Thank you to my opponent and to the audience. I hope we can do this again.

VOTE CON.
Debate Round No. 5
32 comments have been posted on this debate. Showing 1 through 10 records.
Posted by Kleptin 7 years ago
Kleptin
Well that's irrelevant. That's like saying

"Spelling isn't important. I specialize in Religion, not science"

You should frame your debate no matter what you're arguing. It's not only good to do so to avoid semantic arguments, but you also tell your opponent exactly what to expect, so that the two of you can have a good debate.

It's up to you though.
Posted by DebateSpirit 7 years ago
DebateSpirit
I'm specialize as religion, so pardon me, this is my first science debate.
Posted by Kleptin 7 years ago
Kleptin
Haha, I already abused that pretty badly. The fact that he didn't frame anything in the first round meant that I had free range to do whatever I pleased XD

@DS

For further reference, it is a very bad decision for the instigator not to post anything of substance in the first round, because you should restrict how your opponent argues his position.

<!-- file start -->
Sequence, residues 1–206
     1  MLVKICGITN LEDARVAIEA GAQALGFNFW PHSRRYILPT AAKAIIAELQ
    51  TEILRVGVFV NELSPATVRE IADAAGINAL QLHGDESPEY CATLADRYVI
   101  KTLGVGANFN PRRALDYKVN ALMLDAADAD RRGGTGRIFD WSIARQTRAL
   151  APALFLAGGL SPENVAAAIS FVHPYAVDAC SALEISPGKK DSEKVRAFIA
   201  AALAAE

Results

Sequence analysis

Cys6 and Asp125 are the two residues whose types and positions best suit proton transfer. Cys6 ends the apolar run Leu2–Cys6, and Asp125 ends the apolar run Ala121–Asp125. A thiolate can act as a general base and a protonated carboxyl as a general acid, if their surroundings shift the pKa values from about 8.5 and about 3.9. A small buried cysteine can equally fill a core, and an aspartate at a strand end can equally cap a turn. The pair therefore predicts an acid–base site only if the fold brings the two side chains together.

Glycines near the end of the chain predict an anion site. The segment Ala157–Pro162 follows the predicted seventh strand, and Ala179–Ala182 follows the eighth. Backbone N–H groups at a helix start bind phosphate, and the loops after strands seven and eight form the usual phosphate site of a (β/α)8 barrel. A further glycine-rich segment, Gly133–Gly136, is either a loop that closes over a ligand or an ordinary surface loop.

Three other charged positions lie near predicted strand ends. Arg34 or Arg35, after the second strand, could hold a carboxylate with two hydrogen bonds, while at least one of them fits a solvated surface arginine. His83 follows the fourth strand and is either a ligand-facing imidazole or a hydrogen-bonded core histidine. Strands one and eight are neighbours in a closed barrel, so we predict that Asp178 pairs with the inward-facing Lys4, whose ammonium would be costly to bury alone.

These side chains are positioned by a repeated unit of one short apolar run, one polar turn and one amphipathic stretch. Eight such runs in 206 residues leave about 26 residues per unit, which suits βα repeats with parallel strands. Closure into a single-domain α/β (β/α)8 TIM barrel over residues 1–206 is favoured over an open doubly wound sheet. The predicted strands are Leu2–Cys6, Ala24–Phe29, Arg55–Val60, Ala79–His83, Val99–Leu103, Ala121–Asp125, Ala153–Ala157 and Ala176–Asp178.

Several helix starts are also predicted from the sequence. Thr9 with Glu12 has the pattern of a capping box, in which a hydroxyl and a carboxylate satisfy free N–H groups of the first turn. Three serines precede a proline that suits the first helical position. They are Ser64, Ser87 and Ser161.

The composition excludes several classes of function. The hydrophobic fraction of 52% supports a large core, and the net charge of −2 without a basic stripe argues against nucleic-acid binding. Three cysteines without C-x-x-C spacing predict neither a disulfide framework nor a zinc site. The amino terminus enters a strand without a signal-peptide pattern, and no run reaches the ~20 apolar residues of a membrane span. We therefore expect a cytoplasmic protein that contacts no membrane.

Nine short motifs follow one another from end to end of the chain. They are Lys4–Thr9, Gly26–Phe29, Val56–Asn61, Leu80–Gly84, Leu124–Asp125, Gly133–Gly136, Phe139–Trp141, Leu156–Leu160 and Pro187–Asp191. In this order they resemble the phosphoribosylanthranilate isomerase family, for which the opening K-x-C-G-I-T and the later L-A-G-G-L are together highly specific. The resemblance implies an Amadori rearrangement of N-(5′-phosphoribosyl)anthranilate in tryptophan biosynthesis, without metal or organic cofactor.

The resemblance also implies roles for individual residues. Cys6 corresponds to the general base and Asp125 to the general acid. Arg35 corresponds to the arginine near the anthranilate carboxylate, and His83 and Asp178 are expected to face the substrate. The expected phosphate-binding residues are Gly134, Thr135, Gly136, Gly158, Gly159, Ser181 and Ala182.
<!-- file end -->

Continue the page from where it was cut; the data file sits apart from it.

Posted by Freeman 7 years ago
Freeman
He makes himself appear vulnerable? Hmmm...... I think I have an idea.
Posted by Kleptin 7 years ago
Kleptin
I noticed that DS uses the tactic of making himself seem foolish in the first round in order to appear like an easy target. I decided to take advantage of this :)
Posted by Freeman 7 years ago
Freeman
"I fail to see what cloning can do for humanity, therefore cloning human can be dangerous and create an unjust society." -DebateSpirit

The very first sentence is fallacious in the extreme. It's just an argument from personal incredulity and it begs the question.
Posted by DebateSpirit 7 years ago
DebateSpirit
Scare you? They scare me, I have seen your arguments, it was prodigious, perfect, indeed they are works of art.
Posted by Cody_Franklin 7 years ago
Cody_Franklin
Talk about a backfire........... :P
Posted by Kleptin 7 years ago
Kleptin
You scared *me* instead XD
Posted by Cody_Franklin 7 years ago
Cody_Franklin
We were just trying to scare him a little, that's all. :)
4 votes have been placed for this debate. Showing 1 through 4 records.
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atheistman
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patsox834
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DebateSpirit
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Vote Placed by comoncents 7 years ago
comoncents
DebateSpiritKleptinTied